Given the fact that both Toronto and Chicago had similar pitching strengths and weaknesses, I believe the big bats north of the border would have outhit the Cubs in a high-scoring series.
The Cubs were built to thrive on teams whose pitchers could succumb to the Walk Monster. While the Royals' bullpen is frightening to be sure, their starters haven't exactly been known to be the best pinpoint surgeons. An offense like Chicago's might have been able to work long counts and put pressure on a set of pitchers with whom they have great familiarity (Cueto and Volquez, who spent years in the NL Central).
Lastly, the Royals knew that they'd make contact against anyone. The way Arrieta had been throwing before the NLCS, they did not want to face a pitcher whose stuff forced such weak contact. Instead, they wanted heaters. The faster the better. If you miss a spot, they make you pay.
And from Alex Gordon's late HR against Jeurys Familia to Eric Hosmer's two-out singles against deGrom, that's what is happening.
Unlike the Cubs' young hitters, who allowed Mets pitchers free reign of the strike zone by taking hittable fastballs, swinging at pitchers' pitches, and falling behind in counts, the Royals have come out forcing the Mets to adjust to their approach on the mound. It has made the million-dollar arm Mets stumble thus far.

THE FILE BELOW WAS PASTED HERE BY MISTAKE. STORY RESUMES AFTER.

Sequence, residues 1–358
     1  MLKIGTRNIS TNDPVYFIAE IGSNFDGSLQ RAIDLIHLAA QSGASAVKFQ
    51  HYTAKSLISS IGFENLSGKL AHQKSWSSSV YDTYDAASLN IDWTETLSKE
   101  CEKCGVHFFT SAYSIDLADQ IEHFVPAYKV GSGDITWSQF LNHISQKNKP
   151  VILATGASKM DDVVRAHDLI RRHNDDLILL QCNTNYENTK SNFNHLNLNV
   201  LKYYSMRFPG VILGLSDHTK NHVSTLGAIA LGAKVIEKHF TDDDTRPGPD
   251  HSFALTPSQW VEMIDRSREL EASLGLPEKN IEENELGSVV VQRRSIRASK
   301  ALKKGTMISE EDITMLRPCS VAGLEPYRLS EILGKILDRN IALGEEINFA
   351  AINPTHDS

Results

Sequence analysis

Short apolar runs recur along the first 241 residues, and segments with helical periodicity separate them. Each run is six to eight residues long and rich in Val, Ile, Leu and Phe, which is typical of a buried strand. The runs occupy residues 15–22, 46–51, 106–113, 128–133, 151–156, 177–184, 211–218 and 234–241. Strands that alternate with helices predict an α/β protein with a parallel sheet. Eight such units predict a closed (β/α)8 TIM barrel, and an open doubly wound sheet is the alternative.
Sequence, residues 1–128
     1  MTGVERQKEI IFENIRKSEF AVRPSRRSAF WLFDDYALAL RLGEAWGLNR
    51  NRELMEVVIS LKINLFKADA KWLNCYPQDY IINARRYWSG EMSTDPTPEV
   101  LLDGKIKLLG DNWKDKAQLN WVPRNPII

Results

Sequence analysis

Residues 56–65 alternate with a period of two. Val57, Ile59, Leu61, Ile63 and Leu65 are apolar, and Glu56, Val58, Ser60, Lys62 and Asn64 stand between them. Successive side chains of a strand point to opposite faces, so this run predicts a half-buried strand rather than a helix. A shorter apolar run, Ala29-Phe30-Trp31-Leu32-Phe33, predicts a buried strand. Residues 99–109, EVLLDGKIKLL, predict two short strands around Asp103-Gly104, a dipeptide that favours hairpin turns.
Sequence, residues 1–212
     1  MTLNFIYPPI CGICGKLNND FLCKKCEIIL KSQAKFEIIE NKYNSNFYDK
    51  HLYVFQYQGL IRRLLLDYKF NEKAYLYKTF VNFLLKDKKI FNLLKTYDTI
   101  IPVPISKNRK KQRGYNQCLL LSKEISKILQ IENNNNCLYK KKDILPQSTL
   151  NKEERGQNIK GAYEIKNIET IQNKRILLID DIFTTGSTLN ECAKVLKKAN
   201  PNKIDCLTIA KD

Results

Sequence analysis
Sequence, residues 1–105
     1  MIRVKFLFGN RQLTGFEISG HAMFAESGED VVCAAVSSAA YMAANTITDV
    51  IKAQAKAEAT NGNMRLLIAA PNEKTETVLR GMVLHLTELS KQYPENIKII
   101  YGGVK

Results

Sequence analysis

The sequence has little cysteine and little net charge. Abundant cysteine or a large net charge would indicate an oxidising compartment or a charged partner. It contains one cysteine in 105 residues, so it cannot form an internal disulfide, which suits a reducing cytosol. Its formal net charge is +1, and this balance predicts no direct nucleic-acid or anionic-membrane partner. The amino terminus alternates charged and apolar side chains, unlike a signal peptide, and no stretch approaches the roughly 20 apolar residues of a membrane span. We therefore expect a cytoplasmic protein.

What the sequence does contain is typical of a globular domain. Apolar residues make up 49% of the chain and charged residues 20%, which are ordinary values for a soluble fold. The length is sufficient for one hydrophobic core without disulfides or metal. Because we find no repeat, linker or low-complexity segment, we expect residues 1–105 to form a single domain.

As an example, Matt Harvey's sub-40% fastball selection was, by far, the lowest in his career. He had no choice but to play his Plan B game.
Similarly, deGrom — who had made a living working in and out of jams against Los Angeles and Chicago — suddenly faced an opponent who wouldn't simply swing and miss to help him strand baserunners. The tightrope act he had perfected in rounds one and two was suddenly too much strain to bear.
So does this all mean the Mets done? Not by a long shot.
But if Syndergaard and Steven Matz are going to even this series up, it will take a few things to go right.
First, they must acknowledge that their goal should not be to strive for swings-and-misses, but for weak contact. The Royals do not take walks at the same rate as Chicago (or even L.A.), so use a few extra inches off the corners. Hope the umpire helps. No grooved pitches (I'm looking at you, Familia!).
Secondly, they must play defense. It's not that they've been doing poorly to this point - they just have to be a bit more impactful to neutralize Kansas City's momentum. Great plays should never be expected, but sometimes you simply need a bit of greatness to win a World Series.
And speaking of greatness, the Mets need Danny Murphy to come out of hibernation. Again, it's not like he's playing terribly, but his current .222 series average needs to improve. In the first two rounds, his motor revved up his teammates. If not him, someone must be the guy (and right now, Duda's shift-beating singles aren't exactly frightening KC).
So to return to the question that began this entire mess: are the Royals better than the Mets?
I don't think they are. But just as Iceman's H2O compound put out Fireman's flames, KC's weapon is fit to beat this level's boss.
The Mets may need to find a new weapon.